Source: ( 20091211)


14.December.2009 · Posted in news

As tensions grew at the United Nations (UN) climate change talks it emerged on Thursday that the world’s major emerging economies, led by China and SA, were calling for a “binding” amendment to the Kyoto Protocol requiring rich countries to slash carbon pollution by more than 40% .

A previously unseen 11-page draft “Copenhagen Accord”, to be posted on the website of French daily Le Monde, was finalised on 30 November after a closed-door meeting in Beijing between China, India, SA and Brazil. The initiative, led by Beijing, was conceived as a rebuttal by developing countries to another backroom accord hammered out by Denmark, the host country.

The text embraces the objective of limiting by 2100 the rise of global temperatures to 2º C compared with pre-industrial times, a goal shared by developed countries. But the emerging giants also called on rich countries — committed to CO² reductions under Kyoto of at least 5% by 2012 — to “multiply by eight” that promise for a second, seven-year period running up to 2020.

The draft says these commitments must be made “mainly through domestic measures” and not through the purchase of so- called “offsets” outside their borders in developing countries. It also stipulates that any developed country not constrained under Kyoto in effect, the US should take on the same legally binding commitments.

The UN’s Intergovernmental Panel on Climate Change has said that to help keep global temperatures increases below the 2º C threshold, rich nations would have to cut their carbon emissions by 25%-40% by 2020 compared to 1990.The four emerging economies — which account for nearly half of the world’s CO² output — also reject all “unilateral fiscal measures” by industrialised countries, such as the carbon import taxes in pending US legislation.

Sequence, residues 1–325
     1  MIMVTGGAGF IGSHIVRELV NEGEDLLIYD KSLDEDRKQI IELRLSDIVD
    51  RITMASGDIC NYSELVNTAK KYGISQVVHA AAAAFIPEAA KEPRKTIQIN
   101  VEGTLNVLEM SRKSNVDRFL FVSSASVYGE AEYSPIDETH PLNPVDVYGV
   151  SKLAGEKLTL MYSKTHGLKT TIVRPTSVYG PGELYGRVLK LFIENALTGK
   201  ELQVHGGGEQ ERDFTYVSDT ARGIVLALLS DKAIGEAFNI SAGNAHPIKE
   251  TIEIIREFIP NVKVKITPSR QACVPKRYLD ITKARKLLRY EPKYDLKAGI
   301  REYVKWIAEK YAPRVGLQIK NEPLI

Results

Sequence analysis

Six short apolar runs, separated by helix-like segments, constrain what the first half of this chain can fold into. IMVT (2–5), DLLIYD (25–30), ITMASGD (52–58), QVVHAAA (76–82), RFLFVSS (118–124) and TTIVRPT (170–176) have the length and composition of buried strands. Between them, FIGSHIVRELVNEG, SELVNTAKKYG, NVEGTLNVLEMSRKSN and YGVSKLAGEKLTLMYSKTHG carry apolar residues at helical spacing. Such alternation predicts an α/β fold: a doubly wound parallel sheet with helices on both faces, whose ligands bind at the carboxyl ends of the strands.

On finance, they call for the creation of a special fund under the authority of the UN Framework Convention on Climate Change answerable directly to member countries.

The US, Japan, the European Union and other industrialised countries have said that money to help poorer countries cope with climate change — which could reach hundreds of billions of dollars a year within a decade — should be funnelled through existing institutions. SA has said that as pledges stand, industrialised countries appear to expect developing countries to bear 78% of the emissions burden.

Lumumba Stanislaus Di- Aping, chairman of the Group of 77 (G-77), on Thursday repeated his call for countries to reconsider the 2º C target, as this would mean a temperature rise for Africa of 3,5º C -4º C, according to the UN climate panel’s report.

“The world has enough resources to address climate change in a more committed manner. The International Monetary Fund has 200bn in special drawing rights that are not being used. That money should be made available. “Without the US, the rest of the world can still issue 200bn to save the world, so why are you not doing it?” he asked. “I don’t think that’s the spirit of leadership required at this moment.”

On Di-Aping’s call for the 2º C target to be reconsidered, SA’s lead negotiator, Alf Wills, said the G-77 was not unified on this issue, as oil-producing nations would prefer a less ambitious target while the small island states, which are especially vulnerable, would prefer a 1,5º C target. The target of 2º C was a middle- of-the-road approach, he said.